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Decision paves way for new Kilgore housing project

By Glenn Evans
Aug. 21, 2012 at 10 p.m.


KILGORE - City Council members on Tuesday unloosed a potential snag in their agreement with a nonprofit partnership with home builders in a South-Central Kilgore neighborhood.

The unanimous action, during a rare noon meeting at city hall, paves the way for developers to start work on 83 housing units in the Remington Estates development.

At issue was street, water, sewer and other infrastructure work in the development near Chandler Elementary School.

The city in February agreed to pay for the infrastructure in Phase III of the development, believed to be the final phase of the affordable housing project that includes houses and town homes.

The city's expense was to be repaid through Kilgore's Community Development Corp., a nonprofit partnership that owns the roughly 24 acres.

However, the agreement between the city and Community Development Corp. included a repayment method that was inadequate when bids for the work came in about $200,000 higher than anticipated.

Miller Construction won the job with its low bid of $1.3 million.

However, the contract drawn up in the winter had the development corporation repaying the city as each lot sold, from a portion of the first 80 percent of lots sold - about 50 sites.

That method, combined with higher than expected costs, gummed up what had been envisioned as a smooth repayment scheme. The additional cost forced the development corporation to dip into reserves to meet the payment burden and threatened to delay the project.

"We could not give (Miller Construction) a notice to proceed until we worked it out with (Community Development Corp.) so that they could pay us back," said Director of Planning Carol Windham.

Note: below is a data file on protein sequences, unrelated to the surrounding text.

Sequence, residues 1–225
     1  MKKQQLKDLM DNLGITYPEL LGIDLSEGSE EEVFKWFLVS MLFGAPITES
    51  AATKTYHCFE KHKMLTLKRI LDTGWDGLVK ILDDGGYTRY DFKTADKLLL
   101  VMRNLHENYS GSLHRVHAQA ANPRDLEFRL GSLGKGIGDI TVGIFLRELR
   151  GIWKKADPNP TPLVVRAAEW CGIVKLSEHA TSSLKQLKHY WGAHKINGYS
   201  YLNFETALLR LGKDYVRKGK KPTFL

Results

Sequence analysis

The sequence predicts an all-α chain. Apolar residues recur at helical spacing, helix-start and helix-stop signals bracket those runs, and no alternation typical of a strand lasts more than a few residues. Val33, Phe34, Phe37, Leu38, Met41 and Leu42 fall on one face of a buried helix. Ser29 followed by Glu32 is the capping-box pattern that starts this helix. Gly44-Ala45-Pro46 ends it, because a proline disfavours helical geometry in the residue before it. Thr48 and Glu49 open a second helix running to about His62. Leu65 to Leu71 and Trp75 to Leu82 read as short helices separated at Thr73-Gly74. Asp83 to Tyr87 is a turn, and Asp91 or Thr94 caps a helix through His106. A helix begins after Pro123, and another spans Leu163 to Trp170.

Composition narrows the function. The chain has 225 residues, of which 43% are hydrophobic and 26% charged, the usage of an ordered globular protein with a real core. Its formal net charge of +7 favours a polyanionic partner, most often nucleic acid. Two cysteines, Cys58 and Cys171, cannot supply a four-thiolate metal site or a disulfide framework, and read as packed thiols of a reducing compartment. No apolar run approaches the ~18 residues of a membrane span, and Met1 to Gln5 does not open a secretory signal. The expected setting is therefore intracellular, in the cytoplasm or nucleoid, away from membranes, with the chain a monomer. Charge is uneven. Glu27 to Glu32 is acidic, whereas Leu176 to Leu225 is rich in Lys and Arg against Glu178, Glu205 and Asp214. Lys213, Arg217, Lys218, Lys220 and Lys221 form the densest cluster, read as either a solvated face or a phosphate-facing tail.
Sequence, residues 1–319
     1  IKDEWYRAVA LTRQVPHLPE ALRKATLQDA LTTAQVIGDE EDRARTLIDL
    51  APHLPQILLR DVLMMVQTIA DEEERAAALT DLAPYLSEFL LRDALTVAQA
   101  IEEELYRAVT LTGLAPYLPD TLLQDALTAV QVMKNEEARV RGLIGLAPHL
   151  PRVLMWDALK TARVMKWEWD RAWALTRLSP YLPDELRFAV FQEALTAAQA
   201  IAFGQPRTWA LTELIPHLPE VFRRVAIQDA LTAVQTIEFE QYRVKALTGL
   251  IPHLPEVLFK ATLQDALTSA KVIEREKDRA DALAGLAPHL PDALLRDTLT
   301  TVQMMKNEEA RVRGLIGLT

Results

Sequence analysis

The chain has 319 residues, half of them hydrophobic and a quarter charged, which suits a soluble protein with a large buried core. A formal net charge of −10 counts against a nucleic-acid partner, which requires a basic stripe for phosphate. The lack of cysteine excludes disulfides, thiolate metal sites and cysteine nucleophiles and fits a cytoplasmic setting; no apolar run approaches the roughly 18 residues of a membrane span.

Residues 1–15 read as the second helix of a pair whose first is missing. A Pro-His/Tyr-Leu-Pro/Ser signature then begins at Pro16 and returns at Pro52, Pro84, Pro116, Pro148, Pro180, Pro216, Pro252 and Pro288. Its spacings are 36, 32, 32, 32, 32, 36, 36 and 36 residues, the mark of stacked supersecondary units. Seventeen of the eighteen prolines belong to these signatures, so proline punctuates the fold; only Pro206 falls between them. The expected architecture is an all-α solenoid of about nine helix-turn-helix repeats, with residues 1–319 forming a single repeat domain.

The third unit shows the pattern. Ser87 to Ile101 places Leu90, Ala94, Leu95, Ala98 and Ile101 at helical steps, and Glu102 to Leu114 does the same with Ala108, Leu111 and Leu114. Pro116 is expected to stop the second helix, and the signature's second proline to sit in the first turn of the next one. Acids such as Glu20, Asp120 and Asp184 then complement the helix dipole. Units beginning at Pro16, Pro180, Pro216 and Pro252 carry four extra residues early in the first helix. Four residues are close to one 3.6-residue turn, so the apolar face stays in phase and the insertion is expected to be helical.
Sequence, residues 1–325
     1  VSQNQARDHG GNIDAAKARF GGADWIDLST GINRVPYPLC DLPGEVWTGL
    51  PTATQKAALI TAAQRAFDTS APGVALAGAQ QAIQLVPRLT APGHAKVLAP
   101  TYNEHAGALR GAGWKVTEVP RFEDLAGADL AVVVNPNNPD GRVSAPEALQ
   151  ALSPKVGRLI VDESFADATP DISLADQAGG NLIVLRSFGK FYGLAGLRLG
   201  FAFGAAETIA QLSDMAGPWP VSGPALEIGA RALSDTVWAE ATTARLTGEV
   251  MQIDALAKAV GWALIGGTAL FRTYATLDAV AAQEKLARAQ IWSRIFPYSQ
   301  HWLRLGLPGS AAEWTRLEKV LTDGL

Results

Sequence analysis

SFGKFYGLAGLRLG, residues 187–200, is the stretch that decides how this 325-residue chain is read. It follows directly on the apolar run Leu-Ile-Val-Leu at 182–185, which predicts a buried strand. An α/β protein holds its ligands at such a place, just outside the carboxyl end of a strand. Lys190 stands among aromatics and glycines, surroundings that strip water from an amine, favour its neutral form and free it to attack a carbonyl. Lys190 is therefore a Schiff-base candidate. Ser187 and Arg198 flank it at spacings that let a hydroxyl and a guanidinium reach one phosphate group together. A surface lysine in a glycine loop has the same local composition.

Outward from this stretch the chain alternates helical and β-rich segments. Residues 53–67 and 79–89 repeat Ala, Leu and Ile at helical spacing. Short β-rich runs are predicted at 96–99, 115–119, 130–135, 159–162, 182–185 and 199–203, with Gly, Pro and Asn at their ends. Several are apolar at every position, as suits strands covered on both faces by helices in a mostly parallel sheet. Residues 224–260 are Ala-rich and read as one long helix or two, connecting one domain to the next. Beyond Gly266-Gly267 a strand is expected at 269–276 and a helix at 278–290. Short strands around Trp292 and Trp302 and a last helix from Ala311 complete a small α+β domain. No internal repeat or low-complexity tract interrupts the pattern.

Under the amended agreement approved Tuesday, the development corporation will repay the city with sales of all lots, not just the first 80 percent; any money a lot might bring beyond its initial estimated selling price also can be used to repay the city.

City Manager Scott Sellers said the Community Development Corp. asked to dedicate more money from lot sales to the city debt, " ...until everything is paid back."

"Any unit sold over that minimum price will go back into repaying the city," Sellers said, adding the new setup is likely to get the city its money back faster.

"We just said, 'All proceeds go to the city,' " City Attorney Rob Schleier said. "This (new) agreement says the city is going to get 100 percent of the lots sold until we are repaid."

On Tuesday, owners of RADD investments, the principal contractor on the project, predicted swift sales once lots are ready for the market.

Co-owner Dennis Driskell said the company's recent experience in the Redbud Street area development indicated new homes are still a hot commodity in Kilgore.

"We just couldn't build them fast enough," Driskell said. "You could easily sell 20 lots a year (in Remington Estates)."

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